Astros player admission brings light to 'cross addiction' - Houston weather, traffic, news | FOX 26 | MyFoxHouston

Astros player admission brings light to 'cross addiction'

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HOUSTON (FOX 26) -

Astros infielder Jon Singleton can't deny he likes marijuana. He can't and he won't. He's tested positive for it several times, underwent rehabilitation and he was even suspended for a while. He's said he was addicted to it. Now, he's saying he's abusing alcohol as a substitute. Really?

"Very common. In fact, the term is cross addiction," says addiction specialist Dr. Mike Leath with Memorial Hermann Prevention & Recovery Center. He says if a drug becomes unavailable in this case because someone is being tested for it, an addict can and will switch to another substance. It's more about the pleasure center in an addict's brain that controls addiction than the actual substance.

"It's become accustomed to being stimulated and it doesn't easily accept that the drug is not available so we'll have to live without it. It wants to live with that sensation. It wants to live with that sensation of at least feeling normal."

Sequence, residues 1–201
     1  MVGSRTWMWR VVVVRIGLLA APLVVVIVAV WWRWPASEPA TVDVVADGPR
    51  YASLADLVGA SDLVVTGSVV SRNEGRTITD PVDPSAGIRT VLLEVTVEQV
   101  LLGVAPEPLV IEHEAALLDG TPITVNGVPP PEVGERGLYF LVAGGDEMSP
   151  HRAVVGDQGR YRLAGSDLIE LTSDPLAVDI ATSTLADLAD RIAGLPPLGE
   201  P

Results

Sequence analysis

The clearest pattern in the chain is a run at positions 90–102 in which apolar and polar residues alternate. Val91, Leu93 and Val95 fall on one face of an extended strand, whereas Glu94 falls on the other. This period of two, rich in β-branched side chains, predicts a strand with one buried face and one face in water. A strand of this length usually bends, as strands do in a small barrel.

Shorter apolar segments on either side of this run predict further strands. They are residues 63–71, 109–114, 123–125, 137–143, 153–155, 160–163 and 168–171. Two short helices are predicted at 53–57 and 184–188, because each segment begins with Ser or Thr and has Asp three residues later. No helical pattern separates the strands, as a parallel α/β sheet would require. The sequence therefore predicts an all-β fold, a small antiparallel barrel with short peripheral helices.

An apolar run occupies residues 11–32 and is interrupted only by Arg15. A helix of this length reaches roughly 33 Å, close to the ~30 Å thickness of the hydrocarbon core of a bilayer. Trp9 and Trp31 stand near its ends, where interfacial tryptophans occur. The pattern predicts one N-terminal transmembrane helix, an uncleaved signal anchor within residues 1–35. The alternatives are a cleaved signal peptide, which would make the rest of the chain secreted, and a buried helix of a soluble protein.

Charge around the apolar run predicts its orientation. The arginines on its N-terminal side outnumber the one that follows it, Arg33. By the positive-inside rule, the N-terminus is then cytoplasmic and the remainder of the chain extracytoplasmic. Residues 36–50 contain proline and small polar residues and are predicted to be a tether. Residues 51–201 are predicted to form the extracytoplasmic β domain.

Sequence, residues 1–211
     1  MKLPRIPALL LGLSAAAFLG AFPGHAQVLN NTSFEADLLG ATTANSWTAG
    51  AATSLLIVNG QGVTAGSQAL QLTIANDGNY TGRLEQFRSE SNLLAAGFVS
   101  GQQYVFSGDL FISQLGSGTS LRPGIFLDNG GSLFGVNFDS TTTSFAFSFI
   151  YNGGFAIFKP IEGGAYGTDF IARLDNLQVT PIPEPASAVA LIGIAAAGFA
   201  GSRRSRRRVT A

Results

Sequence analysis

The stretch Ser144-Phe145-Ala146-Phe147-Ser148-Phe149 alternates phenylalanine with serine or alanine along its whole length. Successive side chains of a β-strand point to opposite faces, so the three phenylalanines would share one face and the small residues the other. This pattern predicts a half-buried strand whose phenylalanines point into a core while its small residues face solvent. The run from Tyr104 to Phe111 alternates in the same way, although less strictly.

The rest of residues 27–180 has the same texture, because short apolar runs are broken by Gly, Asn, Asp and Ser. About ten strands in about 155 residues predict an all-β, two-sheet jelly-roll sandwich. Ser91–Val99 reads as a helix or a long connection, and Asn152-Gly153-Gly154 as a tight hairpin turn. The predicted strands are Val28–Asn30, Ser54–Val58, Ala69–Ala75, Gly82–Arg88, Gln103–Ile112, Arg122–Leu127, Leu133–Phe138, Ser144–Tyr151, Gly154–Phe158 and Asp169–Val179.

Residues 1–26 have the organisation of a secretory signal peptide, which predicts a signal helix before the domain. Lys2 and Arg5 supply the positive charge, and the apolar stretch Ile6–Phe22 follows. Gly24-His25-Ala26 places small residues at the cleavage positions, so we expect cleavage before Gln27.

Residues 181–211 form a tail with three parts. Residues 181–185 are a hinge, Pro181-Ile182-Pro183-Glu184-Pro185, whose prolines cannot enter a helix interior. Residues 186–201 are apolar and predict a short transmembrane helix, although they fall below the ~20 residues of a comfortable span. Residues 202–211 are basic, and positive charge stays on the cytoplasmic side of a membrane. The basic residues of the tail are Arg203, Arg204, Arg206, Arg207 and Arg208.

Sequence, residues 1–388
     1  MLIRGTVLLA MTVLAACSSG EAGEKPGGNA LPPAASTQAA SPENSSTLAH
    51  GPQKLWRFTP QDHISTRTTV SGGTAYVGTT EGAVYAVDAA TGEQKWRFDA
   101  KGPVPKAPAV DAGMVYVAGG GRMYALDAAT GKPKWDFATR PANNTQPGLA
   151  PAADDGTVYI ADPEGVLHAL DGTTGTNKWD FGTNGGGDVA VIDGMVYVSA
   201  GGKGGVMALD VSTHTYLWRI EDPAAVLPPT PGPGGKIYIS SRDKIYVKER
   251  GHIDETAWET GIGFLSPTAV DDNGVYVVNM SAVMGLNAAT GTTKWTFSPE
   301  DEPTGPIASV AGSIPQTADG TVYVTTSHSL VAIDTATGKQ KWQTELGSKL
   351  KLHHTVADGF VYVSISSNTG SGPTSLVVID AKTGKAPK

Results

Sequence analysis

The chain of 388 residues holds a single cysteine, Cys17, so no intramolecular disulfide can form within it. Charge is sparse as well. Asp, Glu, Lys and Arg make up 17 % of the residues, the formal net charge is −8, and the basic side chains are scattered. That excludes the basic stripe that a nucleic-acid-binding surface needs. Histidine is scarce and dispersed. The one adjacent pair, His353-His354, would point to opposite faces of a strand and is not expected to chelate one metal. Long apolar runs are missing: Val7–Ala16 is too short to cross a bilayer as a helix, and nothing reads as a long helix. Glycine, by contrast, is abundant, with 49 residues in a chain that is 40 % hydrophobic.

He says this cross-addiction phenomenon is playing out large scale in the Houston area right now.

Pill mills, law enforcement has cracked down hard on them. They're often billed as "pain management centers." They are places where one can easily score medications like Vicodin, Oxycontin and hydrocodone. They're a highly class of drugs called opiates. They are the drug of choice for everyone from rock stars to soccer moms. Closing them down opens up a new problem.

"The problem is you still have a demand and you still have those people who've grown dependent on pain pills and when the pain pills aren't available they will seek out whatever is available opiate wise."

That means heroin. Right now it's cheaper and easier to get than pills and Dr. Leath says they are seeing more and more addicts showing up at their door. He says is this case. The cure is probably worse than the original disease.

"And when things go wrong with heroin they go very wrong."

He says at least with pharmaceuticals you know what you are getting. He says with street drugs you don't, and that can lead to more accidental overdoses, and death.

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